The healthcare industry, which gets a serious boost from venture capital investments, could see even more money start flowing in thanks to a provision in recently enacted Internal Revenue Service reforms.
The provision, part of the Internal Revenue Service Restructuring and Reform Act of 1998 signed into law by President Clinton July 22, allows individuals who invest in small businesses through venture capital funds to sell their stock and roll it over -- tax free -- into another venture capital fund or other similar investment vehicle.
Venture capital funds provide financing mostly to start-up companies. The money might replace or supplement bank loans. The upside to the investor can be high returns; but high returns can also mean high risk.
The change clarifies a provision in the Taxpayer Relief Act of 1997 that was unclear about whether tax-free status extended to investments in small businesses through venture capital funds. The 1997 law was ambiguous as to whether the tax-free benefit could be passed from the venture capital fund to individuals investing in that particular fund. The clarification extends the benefit not only to venture capital funds but also to individual investors in other vehicles, including partnerships such as limited-liability companies. Limited-liability companies can be investment companies in which a general partner manages the investment and limited partners pool their money to make the investment.
The new provision will bring more tax-free investments in entrepreneurial companies, observers say. That's good news for the healthcare industry. According to the Price Waterhouse Coopers National Venture Capital Survey, healthcare accounted for 21%, or $768 million, of the $3.6 billion invested in venture capital funds during the first quarter of this year. Of the healthcare total, 55%, or $421 million, was invested in healthcare services, making it the third-largest venture capital investment behind software and communications.
"The more funds that are available in this type of investment, the more innovation there is likely to be," says Kirk Walden, director of the survey. "The beauty of venture capital is that you are fostering this kind of innovation from the bottom up instead of top down, and these companies are creating value."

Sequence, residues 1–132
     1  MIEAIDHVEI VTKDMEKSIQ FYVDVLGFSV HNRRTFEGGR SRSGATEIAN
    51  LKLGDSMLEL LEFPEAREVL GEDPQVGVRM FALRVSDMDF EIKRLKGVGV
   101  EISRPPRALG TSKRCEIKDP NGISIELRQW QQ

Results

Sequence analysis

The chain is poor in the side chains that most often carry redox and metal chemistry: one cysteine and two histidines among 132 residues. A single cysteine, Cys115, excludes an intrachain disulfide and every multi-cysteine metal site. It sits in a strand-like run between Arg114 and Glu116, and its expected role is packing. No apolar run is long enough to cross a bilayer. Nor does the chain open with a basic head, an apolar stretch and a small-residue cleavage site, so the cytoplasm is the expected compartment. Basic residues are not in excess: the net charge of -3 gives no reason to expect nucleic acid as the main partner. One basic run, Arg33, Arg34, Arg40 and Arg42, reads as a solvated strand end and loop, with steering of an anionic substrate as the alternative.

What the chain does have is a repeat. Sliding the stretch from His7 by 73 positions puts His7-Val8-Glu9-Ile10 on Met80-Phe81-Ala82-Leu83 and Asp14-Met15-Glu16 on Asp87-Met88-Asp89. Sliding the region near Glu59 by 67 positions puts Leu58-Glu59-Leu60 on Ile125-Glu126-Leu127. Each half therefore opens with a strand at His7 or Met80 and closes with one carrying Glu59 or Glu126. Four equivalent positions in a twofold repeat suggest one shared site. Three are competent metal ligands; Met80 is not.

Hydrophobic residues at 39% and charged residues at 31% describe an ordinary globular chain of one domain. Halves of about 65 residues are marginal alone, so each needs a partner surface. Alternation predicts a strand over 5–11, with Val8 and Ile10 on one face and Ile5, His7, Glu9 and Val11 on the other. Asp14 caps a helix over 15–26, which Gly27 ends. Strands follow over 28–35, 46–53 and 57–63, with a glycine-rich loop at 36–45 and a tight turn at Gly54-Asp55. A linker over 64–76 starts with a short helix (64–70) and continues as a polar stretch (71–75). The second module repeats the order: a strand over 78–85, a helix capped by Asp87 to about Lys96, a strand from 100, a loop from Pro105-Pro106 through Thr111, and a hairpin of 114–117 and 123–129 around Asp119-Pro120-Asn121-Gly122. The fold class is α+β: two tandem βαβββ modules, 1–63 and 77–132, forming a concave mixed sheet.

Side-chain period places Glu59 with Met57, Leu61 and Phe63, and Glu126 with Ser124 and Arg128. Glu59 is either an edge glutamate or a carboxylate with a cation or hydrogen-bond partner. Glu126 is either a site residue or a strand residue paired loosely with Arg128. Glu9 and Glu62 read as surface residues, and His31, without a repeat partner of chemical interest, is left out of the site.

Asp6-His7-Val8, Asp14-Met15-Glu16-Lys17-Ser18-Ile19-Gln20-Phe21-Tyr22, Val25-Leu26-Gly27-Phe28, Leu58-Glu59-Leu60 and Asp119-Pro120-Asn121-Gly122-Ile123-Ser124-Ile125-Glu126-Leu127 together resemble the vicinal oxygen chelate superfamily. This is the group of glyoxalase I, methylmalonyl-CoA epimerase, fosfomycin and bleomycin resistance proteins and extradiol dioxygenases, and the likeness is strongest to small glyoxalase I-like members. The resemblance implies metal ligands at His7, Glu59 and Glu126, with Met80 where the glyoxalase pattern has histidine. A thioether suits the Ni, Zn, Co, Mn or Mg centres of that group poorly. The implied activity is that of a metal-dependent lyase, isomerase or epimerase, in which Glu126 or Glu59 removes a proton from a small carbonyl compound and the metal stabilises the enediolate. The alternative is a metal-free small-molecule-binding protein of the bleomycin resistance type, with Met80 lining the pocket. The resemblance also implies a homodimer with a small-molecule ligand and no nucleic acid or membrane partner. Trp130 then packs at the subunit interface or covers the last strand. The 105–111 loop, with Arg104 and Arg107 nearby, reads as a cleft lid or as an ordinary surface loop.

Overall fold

The tax savings haven't been quantified yet, but they could be significant to the individual investor, says Mark Heesen, director of legislation and entrepreneurial affairs for the National Venture Capital Association in Arlington, Va. For example, investors who sell their stake after holding it for a year or less and do not reinvest it wind up paying a 39.6% tax. For long-term investors -- those who hold their stock for 18 months or more -- the rate is 20%. With the new provision, long-term investors could essentially defer that tax hit indefinitely.
Observers are skeptical that the clarification will make a big difference in individual investment patterns. Historically, only 10% to 15% of venture capital funds come from individuals. Although the new provision has a huge upside in tax benefits, many investors will still shy away, mostly because venture capital is seen as more risky, Heesen says. Venture capital also can be a hefty investment for the individual; it's not unusual for firms to require minimum investments of $100,000 or more. Pension funds, endowment funds and other large institutional investors are usually the risk-takers with venture capital.
However, John Runningen, principal at Atlanta-based Cordova Capital, says stock market volatility and increasing fears of a major market correction might push more sophisticated investors with deep pockets into venture capital funds.
And even though venture capital has historically been high-risk, returns have been dramatic compared with other equity investments, Heesen says. In addition, venture capital investments are typically held for longer time frames, and investors are beginning to see that investments held longer usually yield higher rates of return. Investments held longer have smaller tax bites, Heesen says.
"The real quick buck isn't always the better buck," he says.
Still, while the tax-free rollover provision might not be a boon to Cordova's business, it will help the 150 individual investors currently in Cordova's four venture capital funds. Cordova started its venture capital business nine years ago pursuing individual investors and has grown 42% annually to $160 million, a third of which is invested in healthcare. Cordova requires a minimum investment of $250,000.
"We do go after individuals," Runningen says. "This (provision) is another arrow in our quiver."
Heesen says some of his members are looking at this provision very seriously and are in the process of setting up funds that specifically target individual investors.
There are some catches to the new provision, however. Investors must hold the stock for at least six months and roll over the proceeds of the first investment to the new fund within 60 days after the sale. Investments also must be made in companies that have gross assets of no more than $50 million.